"Go I with no man gin it be not with mine own free will."
But let me tell thee, thou stout fellow, gin thou be a good friend it were well for us both; but gin thou be no good friend it were ill for thee."
But sad news it is indeed, gin there be two stout fellows in the stocks."
We got so that whenever hunger took an extra bite at us, we took another drink of gin. After a couple of weeks of it, Olaf, a squarehead sailor, got an idea.
So we bit the detonator down for him, shoved in a fuse, and picked him a good fire-stick, while he jolted up with a couple more stiff ones of gin.
We parted with harsh words; for he wanted to take a square-face along to refresh himself by the way, while I was set against running any chance of wasting the gin. Besides, he had more than he could carry then, and he wobbled and staggered as he walked.
There was no question but what it was increasing, but he failed to ascribe it to the gin he had taken.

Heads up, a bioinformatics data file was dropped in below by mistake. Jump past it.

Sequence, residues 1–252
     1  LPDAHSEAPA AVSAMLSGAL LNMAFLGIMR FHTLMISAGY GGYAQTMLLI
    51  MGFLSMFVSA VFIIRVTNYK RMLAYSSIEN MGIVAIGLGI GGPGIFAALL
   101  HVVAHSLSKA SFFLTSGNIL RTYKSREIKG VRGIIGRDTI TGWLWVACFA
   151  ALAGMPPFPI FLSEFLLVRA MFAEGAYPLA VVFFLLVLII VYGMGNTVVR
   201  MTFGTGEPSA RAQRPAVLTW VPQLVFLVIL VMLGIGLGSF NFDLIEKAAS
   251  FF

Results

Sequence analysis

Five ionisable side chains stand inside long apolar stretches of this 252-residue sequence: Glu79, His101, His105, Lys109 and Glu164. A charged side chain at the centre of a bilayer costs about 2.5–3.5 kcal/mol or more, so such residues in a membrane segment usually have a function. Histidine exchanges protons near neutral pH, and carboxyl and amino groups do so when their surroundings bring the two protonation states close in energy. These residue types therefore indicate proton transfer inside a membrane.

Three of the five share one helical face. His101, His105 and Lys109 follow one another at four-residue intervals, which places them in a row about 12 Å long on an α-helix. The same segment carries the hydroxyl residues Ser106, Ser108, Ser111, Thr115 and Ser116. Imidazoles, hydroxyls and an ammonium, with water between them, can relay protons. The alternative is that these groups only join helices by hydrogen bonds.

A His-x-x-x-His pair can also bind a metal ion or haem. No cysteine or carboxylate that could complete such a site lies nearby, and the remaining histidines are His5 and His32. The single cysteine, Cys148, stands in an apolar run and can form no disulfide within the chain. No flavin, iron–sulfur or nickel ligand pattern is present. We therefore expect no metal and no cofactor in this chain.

In the morning, sick and headachey from the gin, he crawled out to find the sun still in the sky and God presumable in heaven, for his hosts were alive and uninjured.
But eighteen glasses of gin
consumed among boxers in an ignoble pot-house--it was an odious crime and not to be pardoned readily.
One night as I sat, half stupified, in a den of more than infamy, my attention was suddenly drawn to some black object, reposing upon the head of one of the immense hogsheads of Gin
, or of Rum, which constituted the chief furniture of the apartment.
Good-even, Major; will I make the bowl of gin
toddy the night, or it’s likely ye’ll stay at the big house the Christmas eve, and the very night of yer getting there?”
Then the White Man crept back to his bed, and the shivering natives, fortified with gin
, or squareface, as it is called locally, took refuge on the second wagon, drawing a tent-sail over them.